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November 15, 2015 Music News Blog, mymusicstory, S - T - U 2 Comments

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#mymusicstory #creativeminds #growwithus

We have been collecting music stories from industry veterans, aspiring young musicians and entrepreneurs to bring together inspirational advice.

We all love stories and you don’t need to be famous or a millionaire to feel you have a valid one.

It’s only fair I share fragments of my own experiences and will be doing so with peers from the industry via the DMS website to help others make informed decisions about their own journey.

Success, I made it!

There are three things my dad did that I always remember (outside of the crazy s**t).
One, through a haze of smoke one loud evening (of many), he gave me a book about drugs, (which he made me read cover to cover), warning me of the dangers. Two, introduced me to Heroes of African descent via the Caribbean, like Marcus Garvey…
and finally, on repeat with the music of the time, “don’t go to jail”. I didn’t always see eye-to-eye with my dad but here I was, 21 and at Number one, and these things kept swirling around inside my head constantly.

I made it. I was at the top of the game! I got into clubs free no hassle, I was doing live PAs up and down the UK, across Europe and smashing it! Private jetting to performances with a police escort, meeting stars of the time that wanted to collaborate and hang out, going behind the scenes at major shows like Top of the Pops, Pepsi Chart, CD UK and a load of other Saturday morning shows. I was doing Barry White styled voice-overs and adverts, traveling to Italy, France, Turkey and Dubai to do the same.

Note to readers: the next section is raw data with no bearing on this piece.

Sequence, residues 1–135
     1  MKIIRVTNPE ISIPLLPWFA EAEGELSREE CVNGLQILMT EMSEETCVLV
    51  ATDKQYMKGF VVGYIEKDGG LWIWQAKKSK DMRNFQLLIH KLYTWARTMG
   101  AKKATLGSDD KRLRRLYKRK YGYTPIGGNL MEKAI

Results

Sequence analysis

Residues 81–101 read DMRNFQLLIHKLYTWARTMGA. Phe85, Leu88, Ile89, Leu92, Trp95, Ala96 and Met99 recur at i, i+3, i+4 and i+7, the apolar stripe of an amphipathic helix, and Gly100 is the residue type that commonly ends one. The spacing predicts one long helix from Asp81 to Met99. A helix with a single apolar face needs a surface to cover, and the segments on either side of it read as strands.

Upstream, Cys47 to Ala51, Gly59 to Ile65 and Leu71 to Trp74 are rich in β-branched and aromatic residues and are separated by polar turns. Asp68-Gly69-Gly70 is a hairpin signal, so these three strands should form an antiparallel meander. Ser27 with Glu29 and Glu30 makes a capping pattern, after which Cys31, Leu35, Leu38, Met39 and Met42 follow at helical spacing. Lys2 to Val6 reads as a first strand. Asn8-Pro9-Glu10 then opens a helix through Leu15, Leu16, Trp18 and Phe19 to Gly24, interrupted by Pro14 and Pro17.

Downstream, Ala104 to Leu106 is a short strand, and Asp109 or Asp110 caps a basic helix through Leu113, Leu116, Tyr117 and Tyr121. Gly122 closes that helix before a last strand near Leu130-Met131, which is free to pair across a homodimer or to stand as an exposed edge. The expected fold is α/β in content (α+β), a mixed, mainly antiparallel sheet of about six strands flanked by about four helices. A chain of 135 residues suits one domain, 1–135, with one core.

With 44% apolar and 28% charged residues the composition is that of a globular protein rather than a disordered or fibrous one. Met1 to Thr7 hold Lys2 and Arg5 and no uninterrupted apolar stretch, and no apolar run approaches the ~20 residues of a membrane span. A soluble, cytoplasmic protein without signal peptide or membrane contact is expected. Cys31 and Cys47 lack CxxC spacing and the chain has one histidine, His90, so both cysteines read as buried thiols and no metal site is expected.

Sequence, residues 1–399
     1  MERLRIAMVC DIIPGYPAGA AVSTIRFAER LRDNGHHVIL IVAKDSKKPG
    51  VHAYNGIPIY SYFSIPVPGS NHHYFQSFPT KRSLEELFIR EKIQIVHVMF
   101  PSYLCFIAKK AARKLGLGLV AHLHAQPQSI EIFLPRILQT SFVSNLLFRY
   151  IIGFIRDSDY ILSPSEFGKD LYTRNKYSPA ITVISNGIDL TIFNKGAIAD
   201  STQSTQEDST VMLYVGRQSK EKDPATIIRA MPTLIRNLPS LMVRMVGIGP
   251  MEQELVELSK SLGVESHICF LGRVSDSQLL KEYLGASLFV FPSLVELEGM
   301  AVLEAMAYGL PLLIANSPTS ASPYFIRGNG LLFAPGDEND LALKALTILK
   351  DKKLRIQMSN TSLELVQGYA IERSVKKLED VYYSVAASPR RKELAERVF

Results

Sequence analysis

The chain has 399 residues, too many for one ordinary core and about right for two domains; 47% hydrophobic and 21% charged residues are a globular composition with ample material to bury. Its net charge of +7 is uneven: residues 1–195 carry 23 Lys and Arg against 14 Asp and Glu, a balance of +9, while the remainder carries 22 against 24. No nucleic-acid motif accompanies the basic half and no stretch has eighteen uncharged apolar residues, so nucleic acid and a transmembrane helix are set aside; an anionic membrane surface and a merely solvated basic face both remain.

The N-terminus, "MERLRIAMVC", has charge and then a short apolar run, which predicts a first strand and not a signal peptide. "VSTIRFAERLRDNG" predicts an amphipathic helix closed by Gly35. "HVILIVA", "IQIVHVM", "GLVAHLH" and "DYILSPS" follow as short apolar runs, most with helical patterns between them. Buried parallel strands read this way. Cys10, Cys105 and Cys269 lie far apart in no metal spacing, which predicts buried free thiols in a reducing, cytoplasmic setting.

Magaluf and the BCM team gave me big love! Performing abroad was my favourite part of the experience. I was getting paid to travel and do what I love. As the PA requests flooded in I would constantly ask myself, “is this for real?”. I didn’t think about it too long though. I just went with it, did the best I could to soak up the experience and ‘stay out of trouble’.

Doing Top of the Pops, I met Craig David for the first time as he was being ushered to the stage. He was at the height of his career but real friendly and down to earth. As he stepped by me, a member of the label team approached me saying, “you don’t know me but I know you” and prepared me for my turn on stage. After my performance, Macy Gray towered over me, trailed by her tour-manager/assistant. What he lacked in height he made up for in energy, “Charisma Muthaf***a”, he complimented me as he followed his artist to the stage. Backstage banter, showbiz, lights, it was all new to me. A blurry-whirlwind of movement, emotion and education that I could mostly only rationalise or make sense of many years later.

This was what I had been dreaming of for all these years. A break, a chance to breathe, help my family, help myself and live the rest of my days a gazillionaire. I wanted this to last forever, but this was the music industry where there are no guarantees, LOL!

I can laugh about much of it now, but at the time it was confusing at best and some painful lessons were yet to come.

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CONTINUED NEXT WEEK – Surviving the decline!

Read Part 1Part 2 and Part 4



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  1. Interesting stuff, Elroy.

    I wrote something recently about myself and am a bit hesitant to publish it but don’t know if I want to post it here but ….. who knows?

    Keep up the good work and spread love and knowledge.

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